Hoarseness and sore throat may occur secondary to tissue edema or surgical damage to recurrent laryngeal nerve and may last several days. Permanent nerve damage can occur (rare) that causes paralysis of vocal cords and/or compression of the trachea.
Keep communication simple; ask yes/no questions. Reduces demand for response; promotes voice rest.
Provide alternative methods of communication as appropriate, e.g., slate board, letter/picture board. Place IV line to minimize interference with written communication. Facilitates expression of needs.
Anticipate needs as possible. Visit patient frequently. Reduces anxiety and patient’s need to communicate.
Post notice of patient’s voice limitations at central station and answer call bell promptly. Prevents patient from straining voice to make needs known/summon assistance.
Maintain quiet environment. Enhances ability to hear whispered communication and reduces necessity for patient to raise/strain voice to be heard.

Nursing Diagnosis: Injury, risk for [tetany]

Risk factors may include

Chemical imbalance: excessive CNS stimulation

Possibly evidenced by

[Not applicable; presence of signs and symptoms establishes an actual diagnosis.]

Desired outcomes/evaluation criteria—patient will:

Safety Status: Physical Injury 

Demonstrate absence of injury with complications minimized/controlled.

Nursing Interventions Rationales

Monitor vital signs noting elevating temperature, tachycardia (140–200 beats/min), dysrhythmias, respiratory distress, cyanosis (developing pulmonary edema/HF).

Manipulation of gland during subtotal thyroidectomy may result in increased hormone release, causing thyroid storm.
Evaluate reflexes periodically. Observe for neuromuscular irritability, e.g., twitching, numbness, paresthesias, positive Chvostek’s and Trousseau’s signs, seizure activity. Hypocalcemia with tetany (usually transient) may occur 1–7 days postoperatively and indicates hypoparathyroidism, which can occur as a result of inadvertent trauma to/partial-to-total removal of parathyroid gland(s) during surgery.
Keep side rails raised/padded, bed in low position, and airway at bedside. Avoid use of restraints. Reduces potential for injury if seizures occur.

Monitor serum calcium levels.

Patients with levels less than 7.5 mg/100 mL generally require replacement therapy.
Administer medications as indicated:

Calcium (gluconate, lactate);

Corrects deficiency, which is usually temporary but may be permanent. Note: Use with caution in patients taking digitalis because calcium increases cardiac sensitivity to digitalis, potentiating risk of toxicity.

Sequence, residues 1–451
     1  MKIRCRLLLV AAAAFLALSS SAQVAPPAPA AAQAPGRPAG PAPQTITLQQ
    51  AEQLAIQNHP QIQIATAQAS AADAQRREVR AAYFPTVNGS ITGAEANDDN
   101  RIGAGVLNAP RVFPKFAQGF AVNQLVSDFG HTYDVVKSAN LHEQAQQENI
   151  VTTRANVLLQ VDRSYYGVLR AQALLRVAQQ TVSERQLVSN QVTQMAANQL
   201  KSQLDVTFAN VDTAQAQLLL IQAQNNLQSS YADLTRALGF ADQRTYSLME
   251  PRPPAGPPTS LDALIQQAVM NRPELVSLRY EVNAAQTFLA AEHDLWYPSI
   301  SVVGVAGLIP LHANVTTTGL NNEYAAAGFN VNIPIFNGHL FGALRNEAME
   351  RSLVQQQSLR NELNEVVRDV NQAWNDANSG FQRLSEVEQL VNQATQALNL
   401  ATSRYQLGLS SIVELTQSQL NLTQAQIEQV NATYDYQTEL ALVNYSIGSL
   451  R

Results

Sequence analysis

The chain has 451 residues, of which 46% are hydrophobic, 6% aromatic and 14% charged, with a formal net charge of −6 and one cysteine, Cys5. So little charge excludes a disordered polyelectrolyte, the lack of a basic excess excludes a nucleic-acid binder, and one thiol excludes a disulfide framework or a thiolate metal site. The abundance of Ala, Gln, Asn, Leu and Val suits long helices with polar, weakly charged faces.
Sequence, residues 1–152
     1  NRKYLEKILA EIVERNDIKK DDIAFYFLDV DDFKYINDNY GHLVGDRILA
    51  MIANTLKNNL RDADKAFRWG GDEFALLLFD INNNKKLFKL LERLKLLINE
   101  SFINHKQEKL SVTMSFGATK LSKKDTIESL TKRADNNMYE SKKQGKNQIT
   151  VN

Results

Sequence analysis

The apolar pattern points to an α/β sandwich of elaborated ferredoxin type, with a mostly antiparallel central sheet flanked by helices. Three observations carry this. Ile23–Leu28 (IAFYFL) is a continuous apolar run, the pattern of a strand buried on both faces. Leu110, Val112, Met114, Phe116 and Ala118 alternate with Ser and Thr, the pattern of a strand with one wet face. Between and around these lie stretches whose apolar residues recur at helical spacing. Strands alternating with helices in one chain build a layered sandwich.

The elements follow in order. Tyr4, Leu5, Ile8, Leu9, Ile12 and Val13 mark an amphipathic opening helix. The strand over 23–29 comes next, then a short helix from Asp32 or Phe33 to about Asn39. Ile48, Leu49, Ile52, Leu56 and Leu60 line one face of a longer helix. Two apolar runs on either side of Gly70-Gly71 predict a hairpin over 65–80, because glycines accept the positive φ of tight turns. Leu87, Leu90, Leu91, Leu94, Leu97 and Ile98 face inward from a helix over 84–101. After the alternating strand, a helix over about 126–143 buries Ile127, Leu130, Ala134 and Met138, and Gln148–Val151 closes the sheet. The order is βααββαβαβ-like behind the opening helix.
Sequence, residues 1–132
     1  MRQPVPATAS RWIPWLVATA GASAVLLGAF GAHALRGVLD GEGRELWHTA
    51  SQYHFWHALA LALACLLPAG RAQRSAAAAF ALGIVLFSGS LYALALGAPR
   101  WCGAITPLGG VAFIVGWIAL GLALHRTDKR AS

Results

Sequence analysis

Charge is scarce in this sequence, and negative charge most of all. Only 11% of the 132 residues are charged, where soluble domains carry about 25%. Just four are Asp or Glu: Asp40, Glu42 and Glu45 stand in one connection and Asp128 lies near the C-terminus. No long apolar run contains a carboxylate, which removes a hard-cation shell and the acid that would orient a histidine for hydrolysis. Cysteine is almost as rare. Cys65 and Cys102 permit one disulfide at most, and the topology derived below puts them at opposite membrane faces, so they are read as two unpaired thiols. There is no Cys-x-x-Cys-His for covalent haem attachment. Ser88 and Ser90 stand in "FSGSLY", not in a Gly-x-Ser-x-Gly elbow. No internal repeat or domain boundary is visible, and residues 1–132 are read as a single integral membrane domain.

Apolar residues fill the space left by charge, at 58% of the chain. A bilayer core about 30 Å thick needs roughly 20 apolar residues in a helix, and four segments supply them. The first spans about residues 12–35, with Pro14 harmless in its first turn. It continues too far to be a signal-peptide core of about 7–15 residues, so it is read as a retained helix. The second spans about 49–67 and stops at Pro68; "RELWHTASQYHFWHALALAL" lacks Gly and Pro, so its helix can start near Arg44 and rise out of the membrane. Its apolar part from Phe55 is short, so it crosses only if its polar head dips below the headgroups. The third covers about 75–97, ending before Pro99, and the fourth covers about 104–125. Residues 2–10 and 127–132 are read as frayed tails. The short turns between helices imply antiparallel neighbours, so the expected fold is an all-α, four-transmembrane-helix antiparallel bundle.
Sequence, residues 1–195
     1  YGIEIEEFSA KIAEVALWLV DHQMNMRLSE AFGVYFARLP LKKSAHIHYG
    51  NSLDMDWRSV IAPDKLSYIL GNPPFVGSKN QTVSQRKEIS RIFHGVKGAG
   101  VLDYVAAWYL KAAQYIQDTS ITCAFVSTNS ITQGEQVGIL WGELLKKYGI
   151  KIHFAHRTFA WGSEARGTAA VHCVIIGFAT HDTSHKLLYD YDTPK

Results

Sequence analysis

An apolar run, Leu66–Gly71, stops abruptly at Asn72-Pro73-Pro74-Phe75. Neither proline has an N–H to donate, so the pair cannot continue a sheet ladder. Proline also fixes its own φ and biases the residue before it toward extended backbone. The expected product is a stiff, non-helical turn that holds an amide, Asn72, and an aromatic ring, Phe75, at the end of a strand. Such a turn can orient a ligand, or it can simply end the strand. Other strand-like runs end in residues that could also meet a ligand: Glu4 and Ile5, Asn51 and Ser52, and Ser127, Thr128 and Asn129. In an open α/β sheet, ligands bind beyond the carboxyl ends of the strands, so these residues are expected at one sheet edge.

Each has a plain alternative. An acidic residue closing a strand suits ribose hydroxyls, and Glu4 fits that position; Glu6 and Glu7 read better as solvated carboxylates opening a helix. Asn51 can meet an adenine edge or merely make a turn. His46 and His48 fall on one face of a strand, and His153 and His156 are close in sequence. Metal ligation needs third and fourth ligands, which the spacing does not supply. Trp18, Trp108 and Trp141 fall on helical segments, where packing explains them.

Phosphate-binding agents Helpful in lowering elevated phosphorus levels associated with hypocalcemia.
Sedatives Promotes rest, reducing exogenous stimulation.
Anticonvulsants. Controls seizure activity until corrective therapy is successful.

Nursing Diagnosis: Pain, acute

May be related to

  • Surgical interruption/manipulation of tissues/muscles
  • Postoperative edema

Possibly evidenced by

  • Reports of pain
  • Narrowed focus; guarding behavior; restlessness
  • Autonomic responses

Desired outcomes/evaluation criteria—patient will:

Pain Control

Report pain is relieved/controlled.

Demonstrate use of relaxation skills and diversional activities appropriate to situation.

Nursing Interventions Rationales
Pain Management


Assess verbal/nonverbal reports of pain, noting location, intensity (0–10 scale), and duration.

Useful in evaluating pain, choice of interventions, effectiveness of therapy.
Place in semi-Fowler’s position and support head/neck with sandbags or small pillows Prevents hyperextension of the neck and protects integrity of the suture line.
Maintain head/neck in neutral position and support during position changes. Instruct patient to use hands to support neck during movement and to avoid hyperextension of neck. Prevents stress on the suture line and reduces muscle tension.
Keep call bell and frequently needed items within easy reach. Limits stretching, muscle strain in operative area.
Give cool liquids or soft foods, such as ice cream or popsicles. Although both may be soothing to sore throat, soft foods may be tolerated better than liquids if patient experiences difficulty swallowing.
Encourage patient to use relaxation techniques, e.g., guided imagery, soft music, progressive relaxation. Helps refocus attention and assists patient to manage pain/discomfort more effectively.